Written By Liz Eggleston
After interviewing Holberton School students, we noticed a trend: they actually enjoyed the application process for the San Francisco-based bootcamp! We wanted to find out what makes the Holberton application special and unbiased, so we sat down with co-founder Julien Barbier to get the scoop. Here, we share what we learned: what to watch out for during the 3-level application process, why it’s designed for beginners, and how the founders created an application that removes bias to promote a diverse student body.
First, tell us your role at Holberton and your role in the admissions process as the co-founder.
I'm a co-founder Holberton School. Since my team and I all worked in the tech industry for years before founding Holberton, we knew there was a problem with diversity, and wanted to build a solution into our school from the start.
As we thought about the admissions process, we wanted to create a cohort of people who have enough potential and deserve to be here. When we think about diversity in terms of quotas etc, I think we lose out in the classroom.
At the same time, we wanted to design a way to remove discrimination and human bias in the process. Bias is encoded in our DNA; as a white, 30-year-old man, you’re going to select others who look/talk/dress like you. We have three levels to our admissions process, two of which are automated, then we interview the applicants who made it through.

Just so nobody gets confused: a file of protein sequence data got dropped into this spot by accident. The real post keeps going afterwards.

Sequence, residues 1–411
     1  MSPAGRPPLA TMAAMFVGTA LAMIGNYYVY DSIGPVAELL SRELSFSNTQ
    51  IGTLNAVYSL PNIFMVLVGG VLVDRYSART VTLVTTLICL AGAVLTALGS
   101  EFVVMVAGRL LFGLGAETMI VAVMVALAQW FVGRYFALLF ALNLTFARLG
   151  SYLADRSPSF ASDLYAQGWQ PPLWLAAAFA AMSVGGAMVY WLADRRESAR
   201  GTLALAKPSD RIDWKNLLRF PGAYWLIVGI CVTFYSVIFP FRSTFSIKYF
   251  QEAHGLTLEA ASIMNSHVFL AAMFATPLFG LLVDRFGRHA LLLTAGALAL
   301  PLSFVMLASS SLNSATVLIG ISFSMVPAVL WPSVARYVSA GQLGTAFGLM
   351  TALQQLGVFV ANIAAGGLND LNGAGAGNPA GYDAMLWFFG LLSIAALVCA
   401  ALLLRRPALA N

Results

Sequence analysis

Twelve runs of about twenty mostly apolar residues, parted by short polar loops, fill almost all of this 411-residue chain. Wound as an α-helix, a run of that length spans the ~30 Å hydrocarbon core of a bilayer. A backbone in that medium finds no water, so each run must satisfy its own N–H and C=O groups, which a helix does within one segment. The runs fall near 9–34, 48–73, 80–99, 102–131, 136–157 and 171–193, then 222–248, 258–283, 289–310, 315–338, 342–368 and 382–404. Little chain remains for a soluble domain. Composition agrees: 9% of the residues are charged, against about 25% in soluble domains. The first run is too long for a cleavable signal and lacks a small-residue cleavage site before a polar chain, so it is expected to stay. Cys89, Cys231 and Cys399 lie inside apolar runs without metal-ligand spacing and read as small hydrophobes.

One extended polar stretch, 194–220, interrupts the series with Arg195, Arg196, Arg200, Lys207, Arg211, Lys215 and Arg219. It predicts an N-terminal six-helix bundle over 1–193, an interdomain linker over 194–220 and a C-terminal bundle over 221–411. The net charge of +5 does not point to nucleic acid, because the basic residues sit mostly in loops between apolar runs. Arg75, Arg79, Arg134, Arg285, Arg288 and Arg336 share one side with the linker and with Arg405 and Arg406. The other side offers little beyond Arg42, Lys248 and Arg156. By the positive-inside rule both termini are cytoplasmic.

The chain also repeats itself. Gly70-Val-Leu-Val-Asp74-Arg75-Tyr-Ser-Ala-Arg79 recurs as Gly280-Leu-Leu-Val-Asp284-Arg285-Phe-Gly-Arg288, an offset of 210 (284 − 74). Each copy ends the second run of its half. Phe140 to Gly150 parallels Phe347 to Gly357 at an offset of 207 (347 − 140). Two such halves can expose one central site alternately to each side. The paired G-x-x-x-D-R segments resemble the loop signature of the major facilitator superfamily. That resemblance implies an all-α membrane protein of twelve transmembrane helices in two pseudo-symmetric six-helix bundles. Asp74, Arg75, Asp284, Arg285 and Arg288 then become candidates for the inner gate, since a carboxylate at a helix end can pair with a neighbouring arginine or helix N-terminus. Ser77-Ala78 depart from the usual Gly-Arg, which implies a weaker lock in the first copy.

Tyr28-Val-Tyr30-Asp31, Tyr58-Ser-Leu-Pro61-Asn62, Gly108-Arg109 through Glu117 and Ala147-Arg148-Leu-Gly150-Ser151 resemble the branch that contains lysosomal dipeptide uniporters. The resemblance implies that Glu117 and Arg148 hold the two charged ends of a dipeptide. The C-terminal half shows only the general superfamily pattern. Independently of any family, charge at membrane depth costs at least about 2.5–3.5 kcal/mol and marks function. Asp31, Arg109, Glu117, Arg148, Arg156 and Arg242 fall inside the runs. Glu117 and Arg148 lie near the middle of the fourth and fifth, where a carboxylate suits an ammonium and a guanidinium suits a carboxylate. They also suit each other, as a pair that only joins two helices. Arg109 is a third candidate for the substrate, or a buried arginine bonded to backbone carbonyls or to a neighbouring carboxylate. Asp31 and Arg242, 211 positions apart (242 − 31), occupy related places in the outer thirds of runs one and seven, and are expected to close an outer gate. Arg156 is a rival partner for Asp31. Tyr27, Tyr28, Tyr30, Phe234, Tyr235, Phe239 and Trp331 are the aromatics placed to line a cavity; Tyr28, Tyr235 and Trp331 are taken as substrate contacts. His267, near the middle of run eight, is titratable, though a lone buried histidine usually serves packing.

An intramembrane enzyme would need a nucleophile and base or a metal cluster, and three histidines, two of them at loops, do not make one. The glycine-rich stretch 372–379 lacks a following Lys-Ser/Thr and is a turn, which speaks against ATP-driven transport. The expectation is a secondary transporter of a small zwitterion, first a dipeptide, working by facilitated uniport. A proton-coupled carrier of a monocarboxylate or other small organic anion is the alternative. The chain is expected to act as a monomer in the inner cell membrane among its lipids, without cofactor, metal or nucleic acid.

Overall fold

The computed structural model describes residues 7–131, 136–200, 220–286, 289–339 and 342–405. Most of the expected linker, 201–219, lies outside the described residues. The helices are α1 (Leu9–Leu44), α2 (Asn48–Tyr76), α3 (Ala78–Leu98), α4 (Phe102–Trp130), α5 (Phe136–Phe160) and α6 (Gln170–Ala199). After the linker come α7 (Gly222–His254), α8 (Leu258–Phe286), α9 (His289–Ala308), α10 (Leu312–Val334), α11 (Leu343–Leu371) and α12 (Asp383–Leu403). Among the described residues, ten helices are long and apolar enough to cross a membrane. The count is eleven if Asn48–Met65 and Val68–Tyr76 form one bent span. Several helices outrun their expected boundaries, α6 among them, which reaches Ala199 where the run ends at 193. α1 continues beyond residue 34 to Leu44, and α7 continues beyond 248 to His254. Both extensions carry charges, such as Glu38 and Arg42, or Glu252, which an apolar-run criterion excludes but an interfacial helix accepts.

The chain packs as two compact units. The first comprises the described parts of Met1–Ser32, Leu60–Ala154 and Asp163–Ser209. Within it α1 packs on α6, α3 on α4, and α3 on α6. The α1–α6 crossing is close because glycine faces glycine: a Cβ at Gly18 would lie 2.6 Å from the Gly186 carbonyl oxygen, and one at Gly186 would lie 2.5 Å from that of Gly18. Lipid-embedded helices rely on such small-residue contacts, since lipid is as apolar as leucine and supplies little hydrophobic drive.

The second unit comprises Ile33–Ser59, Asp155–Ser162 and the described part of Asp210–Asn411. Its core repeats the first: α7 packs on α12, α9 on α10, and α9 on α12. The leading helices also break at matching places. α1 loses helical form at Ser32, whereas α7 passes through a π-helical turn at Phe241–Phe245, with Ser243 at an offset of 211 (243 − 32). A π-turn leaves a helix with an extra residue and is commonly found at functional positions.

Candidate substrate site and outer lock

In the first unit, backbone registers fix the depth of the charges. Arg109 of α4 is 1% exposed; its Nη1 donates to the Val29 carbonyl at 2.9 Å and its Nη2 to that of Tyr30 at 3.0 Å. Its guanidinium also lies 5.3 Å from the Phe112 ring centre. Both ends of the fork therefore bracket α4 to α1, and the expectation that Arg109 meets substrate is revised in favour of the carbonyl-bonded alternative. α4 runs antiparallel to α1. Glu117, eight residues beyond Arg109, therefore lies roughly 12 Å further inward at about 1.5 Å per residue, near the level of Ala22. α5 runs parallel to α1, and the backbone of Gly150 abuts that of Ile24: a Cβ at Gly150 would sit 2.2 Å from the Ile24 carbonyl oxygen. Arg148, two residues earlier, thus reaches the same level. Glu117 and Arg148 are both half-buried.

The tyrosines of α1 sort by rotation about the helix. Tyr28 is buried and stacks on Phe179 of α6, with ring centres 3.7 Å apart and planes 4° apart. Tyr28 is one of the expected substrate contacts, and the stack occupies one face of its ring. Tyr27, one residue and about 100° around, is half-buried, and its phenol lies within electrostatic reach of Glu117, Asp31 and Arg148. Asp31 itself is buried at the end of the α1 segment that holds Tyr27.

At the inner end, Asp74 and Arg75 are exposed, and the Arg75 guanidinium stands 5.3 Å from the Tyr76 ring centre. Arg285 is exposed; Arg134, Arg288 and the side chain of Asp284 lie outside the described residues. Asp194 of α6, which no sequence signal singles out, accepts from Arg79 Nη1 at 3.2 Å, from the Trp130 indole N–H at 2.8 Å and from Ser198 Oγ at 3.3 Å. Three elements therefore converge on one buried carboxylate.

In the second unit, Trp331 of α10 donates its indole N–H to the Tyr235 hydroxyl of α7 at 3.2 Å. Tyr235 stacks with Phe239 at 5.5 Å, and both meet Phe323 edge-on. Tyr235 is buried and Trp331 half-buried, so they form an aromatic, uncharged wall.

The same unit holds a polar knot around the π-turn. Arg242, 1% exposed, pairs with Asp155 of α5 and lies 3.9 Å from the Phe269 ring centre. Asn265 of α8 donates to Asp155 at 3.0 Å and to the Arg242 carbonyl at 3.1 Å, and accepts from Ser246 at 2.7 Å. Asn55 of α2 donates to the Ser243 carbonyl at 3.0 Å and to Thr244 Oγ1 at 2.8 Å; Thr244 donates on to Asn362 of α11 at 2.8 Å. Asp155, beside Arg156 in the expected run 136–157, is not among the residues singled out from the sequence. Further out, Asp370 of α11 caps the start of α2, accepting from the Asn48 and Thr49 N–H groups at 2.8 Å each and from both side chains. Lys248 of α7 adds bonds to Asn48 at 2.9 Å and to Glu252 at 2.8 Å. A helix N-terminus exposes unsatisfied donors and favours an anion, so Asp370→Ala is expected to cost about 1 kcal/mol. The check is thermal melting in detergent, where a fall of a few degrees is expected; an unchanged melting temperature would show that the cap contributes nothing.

What exactly is automated throughout the application?
There are three levels to the application. Level One and Two are automated; Level One is a literacy test, an essay, and a video. Applicants should read and understand English (because our course is done in English). That's essentially the only prerequisite. For instance, we ask questions about the life and history of Betty Holberton.
Next, applicants write an essay on why they want to become a software engineer and why they want to specifically learn at Holberton School. Some candidates will say they watched a movie or read an article or that they know friends who are programmers; others may realize that they’re not passionate about this by simply writing the essay. We want candidates to take the time to understand why they want to do Holberton. In order to write the essay, they need to understand what Holberton School is and how it's different from other colleges or bootcamps options. Otherwise, they may realize that a Holberton is not for them; and if they choose another path thanks to the application, we're happy about it. The software also analyses your essay and calculates a score for you.
The last step in Level One is a small video of yourself between 30 seconds and one minute long so that we can know you better before you start on Level 2: the Project Phase.
How many applicants are accepted into Level Three, the interview phase?
Somewhere around 8% to 10% of the candidates.
What's Holberton School’s acceptance rate overall?